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Everything you need to know about Computed Tomography (CT) & CT Scanning


IV Contrast

question1. Why do we use IV contrast material?
question2. Do you use serum creatinine levels or GFR in your practice for establishing risk prior to CT scanning?
question3. What is GFR and why is it a more accurate measure than simply getting a creatinine level?
question4. Why are GFR numbers different for Caucasians and African Americans?
question5. Are all CT scans with IV contrast done the same way?
question6. What type of IV contrast material do we use and why?
question7. At what temperature do we store IV contrast material?
question8. Why do you warm IV contrast?
question9. What is the advantage of Visipaque as written in the literature?
question10. When do you use Visipaque-320 and when Omnipaque-350?
question11. Does the concentration of contrast mean that higher concentrations are better (AKA-isn’t a higher number better)?
question12. What is the volume of IV contrast material we use?
question13. What patients are considered high risk patients for IV contrast for CIN?
question14. Do we have set cutoffs for creatinine levels and if so what are they?
question 15. Can we pretreat patients who have borderline renal function? If yes then how?
question

Two common regimens are the use of bicarbonate in solution as part of a prestudy ( and often post study protocol) hydration protocol

Use of N-Acetylcysteine (meta-analysis showed no advantage although recent article was more positive about its use)


Prevention Strategies
  • Hydrate to a target urine output of 150 mL/h in the 6 hours postprocedure
  • Avoid nephrotoxic drugs
  • Use prophylactic pharmacologic agents or procedures (eg, NAC, statins, ascorbic acid, hemofiltration)?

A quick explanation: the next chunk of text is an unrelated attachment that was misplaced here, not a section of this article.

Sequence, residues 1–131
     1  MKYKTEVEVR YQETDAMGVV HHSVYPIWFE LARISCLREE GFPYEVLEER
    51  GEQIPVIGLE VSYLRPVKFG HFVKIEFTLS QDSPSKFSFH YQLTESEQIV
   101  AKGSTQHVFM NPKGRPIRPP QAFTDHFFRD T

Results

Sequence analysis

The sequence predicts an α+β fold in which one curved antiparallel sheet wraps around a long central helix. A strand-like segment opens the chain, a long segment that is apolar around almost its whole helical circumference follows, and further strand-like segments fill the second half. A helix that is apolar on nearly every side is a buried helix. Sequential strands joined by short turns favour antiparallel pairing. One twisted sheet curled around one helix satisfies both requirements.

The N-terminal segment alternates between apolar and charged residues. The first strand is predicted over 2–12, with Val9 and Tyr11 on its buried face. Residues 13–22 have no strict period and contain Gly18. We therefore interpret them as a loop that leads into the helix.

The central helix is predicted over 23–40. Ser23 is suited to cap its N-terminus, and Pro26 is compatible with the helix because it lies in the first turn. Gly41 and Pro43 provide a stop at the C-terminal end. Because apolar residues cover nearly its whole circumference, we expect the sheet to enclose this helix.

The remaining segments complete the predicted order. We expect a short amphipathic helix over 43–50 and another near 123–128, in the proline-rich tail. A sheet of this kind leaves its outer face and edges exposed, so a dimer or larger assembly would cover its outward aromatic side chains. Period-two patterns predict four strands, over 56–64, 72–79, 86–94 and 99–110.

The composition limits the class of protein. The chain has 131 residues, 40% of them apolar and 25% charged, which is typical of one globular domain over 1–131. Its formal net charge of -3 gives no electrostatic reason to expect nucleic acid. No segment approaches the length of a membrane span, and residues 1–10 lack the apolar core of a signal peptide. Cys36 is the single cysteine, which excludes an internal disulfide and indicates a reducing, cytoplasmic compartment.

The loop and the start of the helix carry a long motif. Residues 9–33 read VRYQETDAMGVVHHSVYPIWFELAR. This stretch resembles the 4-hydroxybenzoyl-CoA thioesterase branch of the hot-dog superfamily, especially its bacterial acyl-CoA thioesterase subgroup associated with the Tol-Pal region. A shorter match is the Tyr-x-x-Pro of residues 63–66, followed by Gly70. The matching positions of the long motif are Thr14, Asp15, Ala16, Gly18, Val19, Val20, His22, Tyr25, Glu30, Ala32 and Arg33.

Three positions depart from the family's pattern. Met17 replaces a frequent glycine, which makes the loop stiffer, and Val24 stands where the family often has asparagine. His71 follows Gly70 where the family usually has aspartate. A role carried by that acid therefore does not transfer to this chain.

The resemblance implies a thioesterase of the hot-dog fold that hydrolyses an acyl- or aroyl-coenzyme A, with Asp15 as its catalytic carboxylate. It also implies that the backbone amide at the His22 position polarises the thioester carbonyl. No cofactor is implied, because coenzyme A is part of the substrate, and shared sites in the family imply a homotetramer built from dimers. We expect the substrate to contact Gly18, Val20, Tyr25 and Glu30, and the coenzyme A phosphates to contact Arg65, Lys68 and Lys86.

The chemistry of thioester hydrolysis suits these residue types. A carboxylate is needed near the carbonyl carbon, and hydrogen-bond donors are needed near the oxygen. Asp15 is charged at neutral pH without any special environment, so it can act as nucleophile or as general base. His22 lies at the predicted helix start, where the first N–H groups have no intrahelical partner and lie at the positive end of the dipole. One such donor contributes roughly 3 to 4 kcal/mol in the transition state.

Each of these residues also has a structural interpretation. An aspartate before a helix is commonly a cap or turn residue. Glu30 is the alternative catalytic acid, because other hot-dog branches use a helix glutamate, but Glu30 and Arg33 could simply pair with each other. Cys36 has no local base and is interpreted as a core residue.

• Minimize volume of CM
  • Consider choice of CM

 


IV contrast chart- bicarbonate


Recent literature has questioned the role of iodinated contrast in being the single factor for CIN (Contrast Induced Nephropathy). Recent articles suggest that creatinine levels will commonly vary even without IV contrast being used and perhaps we are actually doing harm by not using contrast in many patients. This will sort out over time but we are a bit more relaxed these days in giving IV iodinated contrast to patients with creatinines in the 1.8-2.3 range. Here are some articles looking at this subject.


"Intravenously administered low-osmolality iodinated contrast material is independent risk factor for post CT acute renal injury (AKI). Risk increases with increases in pre-CT SCr."

Contrast Material-induced Nephrotoxicity and Intravenous Low-Osmolality Iodinated Contrast Material
Davenport MS et al.
Radiology 2013; 267:94-105


"However, there are many other factors that contribute to the development of post-CT AKI, and not all cases of post-CT AKI are due to CIN. These factors likely account for the equivalence in post-CT AKI rates after unenhanced and contrast enhanced CT shown in recent reports."

Contrast Material-induced Nephrotoxicity and Intravenous Low-Osmolality Iodinated Contrast Material
Davenport MS et al.
Radiology 2013; 267:94-105


"Counterfactual analysis of a large subset of patients who underwent both a contrast enhanced and unenhanced CT scan demonstrates an equivalent likelihood of AKI after either scan."

Intravenous Contrast Material-induced Nephropathy: Causal or Coincident Phenomenon
McDonald RJ et al
Radiology 2013; 267:106-118